Symmetrical balance occurs when both sides of anything are a mirror image of each other. In a garden this means the left side of the garden and the right side look basically the same. Gardens with a symmetrical landscape can feel a little stiff and formal. These types of gardens need to be highly maintained to keep their symmetry in place. 

With Asymmetric balance, the left and right sides will differ either slightly or substantially, but there will still be a sense of balance to them. Gardens with an asymmetrical balance tend to feel more free-flowing and relaxing. These sorts of gardens are known to have an informal balance.

When designing a garden, we may also consider a third type of balance, which is called proximal. (Proximity simply means 'close'.) This is determined by a balance of the elements in your proximal (near vision) compared to your distal (far vision). Proximal balance is a type of asymmetric balance.

Axis and Focal Point 

An axis is an invisible line along which a garden may be designed.  In a symmetrical garden, the axis tends to be an imagined line running down the centre of the garden. And at the end of that axis, the garden will tend to have a focal point - something for your eye to focus on.

A good garden design usually has a good focal point, it’s as simple as that. The focal point is what attracts your eye. It could be anything from a bird bath to a feature tree to a fountain - depending solely on the design and the layout of the space. Ideally, your landscape designer should not overdo the use of focal points. If you have too many things in your garden all screaming "look at me, look at me" then you can't really focus on anything and your attention will be dispersed.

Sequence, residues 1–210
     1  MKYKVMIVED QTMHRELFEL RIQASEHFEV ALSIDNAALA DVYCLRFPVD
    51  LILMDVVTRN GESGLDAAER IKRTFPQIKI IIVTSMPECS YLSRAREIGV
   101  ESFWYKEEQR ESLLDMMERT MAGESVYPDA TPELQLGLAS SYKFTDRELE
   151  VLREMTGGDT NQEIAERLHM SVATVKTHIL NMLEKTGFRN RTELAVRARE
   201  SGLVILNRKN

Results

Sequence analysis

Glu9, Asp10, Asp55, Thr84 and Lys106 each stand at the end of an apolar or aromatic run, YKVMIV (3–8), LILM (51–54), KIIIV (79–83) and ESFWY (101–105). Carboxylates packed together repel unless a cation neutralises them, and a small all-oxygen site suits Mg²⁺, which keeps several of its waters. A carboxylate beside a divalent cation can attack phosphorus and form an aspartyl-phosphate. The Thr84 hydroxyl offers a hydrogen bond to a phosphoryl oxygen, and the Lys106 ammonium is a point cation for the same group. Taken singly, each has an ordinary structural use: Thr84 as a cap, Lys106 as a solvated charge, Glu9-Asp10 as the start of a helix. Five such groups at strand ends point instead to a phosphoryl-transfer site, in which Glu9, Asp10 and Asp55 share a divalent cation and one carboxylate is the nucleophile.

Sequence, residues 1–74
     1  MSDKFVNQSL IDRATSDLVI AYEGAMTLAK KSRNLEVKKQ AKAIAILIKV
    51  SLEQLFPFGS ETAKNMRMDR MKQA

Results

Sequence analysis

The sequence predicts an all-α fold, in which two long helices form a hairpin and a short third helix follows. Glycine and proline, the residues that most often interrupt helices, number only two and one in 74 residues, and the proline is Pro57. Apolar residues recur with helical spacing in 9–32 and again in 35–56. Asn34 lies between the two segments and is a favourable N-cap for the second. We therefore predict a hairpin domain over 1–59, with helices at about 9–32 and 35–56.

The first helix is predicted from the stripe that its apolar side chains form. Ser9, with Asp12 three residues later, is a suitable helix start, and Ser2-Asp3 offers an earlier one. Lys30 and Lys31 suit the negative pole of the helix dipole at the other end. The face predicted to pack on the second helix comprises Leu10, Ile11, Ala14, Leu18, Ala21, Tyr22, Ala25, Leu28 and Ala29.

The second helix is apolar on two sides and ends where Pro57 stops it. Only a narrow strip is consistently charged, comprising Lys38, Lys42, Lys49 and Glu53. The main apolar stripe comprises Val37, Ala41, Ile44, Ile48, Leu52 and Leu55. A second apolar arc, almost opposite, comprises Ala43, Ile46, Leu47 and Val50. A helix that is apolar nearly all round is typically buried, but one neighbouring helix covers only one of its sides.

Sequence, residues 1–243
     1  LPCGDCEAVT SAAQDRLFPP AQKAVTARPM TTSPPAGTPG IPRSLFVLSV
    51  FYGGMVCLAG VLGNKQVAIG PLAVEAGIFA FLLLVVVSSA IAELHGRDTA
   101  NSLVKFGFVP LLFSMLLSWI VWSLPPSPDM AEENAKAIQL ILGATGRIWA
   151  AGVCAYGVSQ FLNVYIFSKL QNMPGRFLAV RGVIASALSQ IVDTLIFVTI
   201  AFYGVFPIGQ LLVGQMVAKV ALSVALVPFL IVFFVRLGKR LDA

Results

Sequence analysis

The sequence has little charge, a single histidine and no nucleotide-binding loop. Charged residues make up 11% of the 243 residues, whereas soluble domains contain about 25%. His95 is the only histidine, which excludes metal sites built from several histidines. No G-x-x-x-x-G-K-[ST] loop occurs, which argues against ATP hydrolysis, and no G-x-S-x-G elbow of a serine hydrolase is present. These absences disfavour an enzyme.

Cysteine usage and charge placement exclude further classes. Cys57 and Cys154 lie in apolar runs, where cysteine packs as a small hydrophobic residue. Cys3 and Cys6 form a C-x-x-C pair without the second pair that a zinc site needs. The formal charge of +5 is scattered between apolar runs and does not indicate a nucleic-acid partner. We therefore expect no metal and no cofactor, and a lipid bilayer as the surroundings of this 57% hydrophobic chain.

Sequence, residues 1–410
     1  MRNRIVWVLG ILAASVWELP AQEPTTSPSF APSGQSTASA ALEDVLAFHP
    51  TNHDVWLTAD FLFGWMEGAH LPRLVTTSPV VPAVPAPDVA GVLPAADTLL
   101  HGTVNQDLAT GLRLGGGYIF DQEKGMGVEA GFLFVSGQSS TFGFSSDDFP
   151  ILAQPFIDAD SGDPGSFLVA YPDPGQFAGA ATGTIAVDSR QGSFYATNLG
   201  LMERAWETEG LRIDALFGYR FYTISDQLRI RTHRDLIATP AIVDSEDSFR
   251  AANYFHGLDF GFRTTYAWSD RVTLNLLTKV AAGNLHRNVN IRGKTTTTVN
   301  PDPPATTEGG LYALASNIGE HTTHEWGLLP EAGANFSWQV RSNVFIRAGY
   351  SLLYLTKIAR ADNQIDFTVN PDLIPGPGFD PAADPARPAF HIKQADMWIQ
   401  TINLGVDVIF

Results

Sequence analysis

A great garden design will strike the right balance. It will include an interesting piece/s to create your focal point/s and it will be created with a sense of fun and beauty.


Great garden designs tend not to be full of complex and confusing themes or items. They do tend to be simple.

Unless a client really wants something complex we will tend to keep our designs simple, clutter-free and non-fussy. We try not to overcomplicate our gardens by adding too many elements, as generally it will do more harm than good.

Overly messy gardens can leave people feeling uneasy and uncomfortable instead of calm and relaxed (which is what a good garden should do). We recommend whoever designs your garden to avoid using too many colours, textures and shapes. We also advise not including too many dramatic angles and curves in our garden design. Unless of course that's what you really want.

Rhythm and line

Like music, reading, speech and other things, a garden can have a 'rhythm' to it. This can be achieved by using the same component repeated at regular intervals. Rhythm is created by placing plants, trees, rocks or structures (fountains, stone benches, lamp posts etc) repeatedly throughout a garden to create repitition.

Lines basically create the form or shape of a landscape. When different materials come together, a line is formed. Think of the line created where the lawn meets a garden bed, where the deck meets the pool or where a path meets a fence. Lines can dominate a garden if they used in a very dramatic fashion.